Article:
In a response to Waxman today, Patrick Fitzgerald made it clear that Mukasey’s obstruction is the only thing standing between Waxman getting the Bush and Cheney interview reports. And Waxman is none too happy about it. Good.
In his letter, Fitzgerald confirms what has been clear thus far: because Bush and Cheney avoided the dangers of grand jury testimony, their interview reports are not protected under grand jury secrecy. But if Waxman wants them, he’s going to have to get them from Mukasey.
As to interviews which we have determined are not protected by Rule 6(e), we have provided responsive information to you, after allowing the appropriate executive branch agencies to review the documents consistent with the process described in my earlier letters. As discussed in prior correspondence, the Special Counsel team is not responsible for determining whether executive branch confidentiality interests will be asserted in response to particular requests by the Committee.
Consistent with the above process, I can advise you that as to any interviews of either the President or Vice President not protected by the rules of grand jury secrecy, there were no "agreements, conditions, and understandings between the Office of Special Counsel or the Federal Bureau of Investigation" and either the President or Vice President "regarding the conduct and use of the interview of interviews."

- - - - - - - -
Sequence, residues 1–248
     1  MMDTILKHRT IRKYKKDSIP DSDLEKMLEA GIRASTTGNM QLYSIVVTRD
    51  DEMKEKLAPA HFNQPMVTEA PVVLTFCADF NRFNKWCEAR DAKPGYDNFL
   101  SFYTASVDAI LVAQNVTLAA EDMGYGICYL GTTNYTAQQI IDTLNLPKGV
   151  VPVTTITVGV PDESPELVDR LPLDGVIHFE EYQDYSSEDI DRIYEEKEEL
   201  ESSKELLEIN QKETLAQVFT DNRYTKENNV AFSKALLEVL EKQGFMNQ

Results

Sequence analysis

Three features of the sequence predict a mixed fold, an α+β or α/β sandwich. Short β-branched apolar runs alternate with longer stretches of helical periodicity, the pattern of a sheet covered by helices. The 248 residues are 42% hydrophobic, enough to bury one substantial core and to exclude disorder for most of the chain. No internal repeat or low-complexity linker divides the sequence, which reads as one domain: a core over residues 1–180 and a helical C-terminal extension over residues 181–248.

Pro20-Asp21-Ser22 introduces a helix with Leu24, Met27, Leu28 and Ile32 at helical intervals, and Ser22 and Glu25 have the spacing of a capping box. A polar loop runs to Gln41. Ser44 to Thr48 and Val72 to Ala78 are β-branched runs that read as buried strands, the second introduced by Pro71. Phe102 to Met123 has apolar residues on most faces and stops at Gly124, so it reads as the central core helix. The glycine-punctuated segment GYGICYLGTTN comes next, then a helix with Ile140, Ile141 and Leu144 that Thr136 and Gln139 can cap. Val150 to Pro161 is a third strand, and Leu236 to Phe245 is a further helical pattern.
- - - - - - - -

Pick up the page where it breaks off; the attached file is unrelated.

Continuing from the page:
Shorter Fitz: blame Mukasey.
Which Waxman promptly did.
On June 16, 2008, the Committee on Oversight and Government Reform issued a subpoena to you for the production of documents relevant to the Committee’s investigation of the leak of the covert identity ofCIA officer Valerie Plame Wilson. You have neither complied with this subpoena by its returnable date nor asserted any privilege to justify withholding documents from the Committee. In light of your actions, I am writing to inform you that the Committee will meet on July 16, 2008, to consider a resolution citing you for contempt of Congress.
The arguments you have raised for withholding the interview report are not tenable. When the FBI interview with the Vice President was conducted, the Vice President knew that the information in the interview could be made public in a criminal trial and that there were no restrictions on Special Counsel Fitzgerald’s use of the interview. Mr. Fitzgerald clarified this key point last week, Read more